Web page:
For me, the real joy of Royal Porthcawl is that rather than one or two standout holes, there are eighteen new and different challenges. There are frequent changes in direction and elevation, the latter rewarding the golfer with excellent sea views throughout. Protected by the wind and its very impressive bunkering, it is a delight from start to finish with far greater variety than most other seaside courses. Over the years, I have returned regularly, very much enjoying the dormy house, and I hope that will continue.

Read full Royal Porthcawl course review

Sunningdale - Old

Sunningdale - Old Course - Hole 5

The par-4 fifth on the Old Course at Sunningdale is a perfect par 4, strategically and visually

(Image credit: Rob Smith)
  • Location Sunningdale
  • Founded 1900
  • Architect Willie Park Junior, Harry Colt
  • GF Round £325 (2023)
  • Par 70, 6,318 yards
  • Contact Sunningdale Golf Club

My involvement with Golf Monthly, and particularly with the course rankings, has meant that on my travels there is inevitably one question I am asked more than any other - what is your favourite course? The genuine answer is that I do not have one - it would be impossible - as would choosing 10! But the answer I DO give, is that if I was to contemplate my favourite day out in golf, it would be one that involved playing both the courses at Sunningdale. They are simply as close to perfect as I have experienced or would want. And as the New is the tougher of the two, I will bow to my advancing years and nominate the Old for this article.

From the birdie opportunity at the par-5 opening hole to the brilliantly-bunkered 18th, it’s a timeless classic that is packed with charm, warmth, heather, gentle undulations, subtle challenge, and most of all fun. At number 9, it heads the list of the best inland courses in the UK and is also in the top 10 of the Golf Monthly Top 100. It’s even higher than that in the Rob Smith Top 100.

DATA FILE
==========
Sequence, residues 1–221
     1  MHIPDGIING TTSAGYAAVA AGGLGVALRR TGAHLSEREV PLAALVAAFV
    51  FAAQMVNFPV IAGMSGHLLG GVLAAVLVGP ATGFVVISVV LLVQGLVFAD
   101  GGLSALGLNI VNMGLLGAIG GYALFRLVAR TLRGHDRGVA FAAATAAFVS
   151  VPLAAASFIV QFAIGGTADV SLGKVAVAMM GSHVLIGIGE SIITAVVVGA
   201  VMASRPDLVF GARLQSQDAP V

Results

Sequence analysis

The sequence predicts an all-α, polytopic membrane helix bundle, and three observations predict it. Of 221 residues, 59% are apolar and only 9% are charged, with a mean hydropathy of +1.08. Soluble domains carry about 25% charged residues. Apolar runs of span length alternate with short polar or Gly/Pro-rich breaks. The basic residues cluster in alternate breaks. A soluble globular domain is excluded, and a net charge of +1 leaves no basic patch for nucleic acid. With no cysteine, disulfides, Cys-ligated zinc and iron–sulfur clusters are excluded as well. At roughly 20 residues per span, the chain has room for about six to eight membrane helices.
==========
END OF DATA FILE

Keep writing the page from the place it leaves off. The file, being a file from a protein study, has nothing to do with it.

Read full Sunningdale Golf Club - Old Course review


Tandridge Golf Club - Hole 18

The final green at Tandridge with the characterful clubhouse beyond

(Image credit: Kevin Murray)
  • Location Oxted
  • Founded 1924
  • Architect Harry Colt, Frank Pont, Tim Lobb
  • GF Round £100-£120
  • Par 71, 6,509 yards
  • Contact Tandridge Golf Club

This may seem self-indulgent, or nepotistic, but I make absolutely no apology for including the course that has been my home since 1994. And while it is natural to be biased - who wouldn’t love their own! - it also means that I have seen it in all its manifestations over those years, warts and all. Happily, even though I joined the club principally because I already loved the course, subsequent upgrading and in particular the conditioning mean that the course is better now than it has ever been.

There is variety in abundance in Harry Colt’s genius design with the flatter front nine juxtaposed against the rollercoaster homeward holes. More recent upgrades first by Frank Pont and now by Tim Lobb have restored the flair and strategy that had begun to fade, and I never tire of its 18 excellent holes… not to mention the one that follows! While the club is a very important part of my life, the course is one that I would recommend to any keen golfer.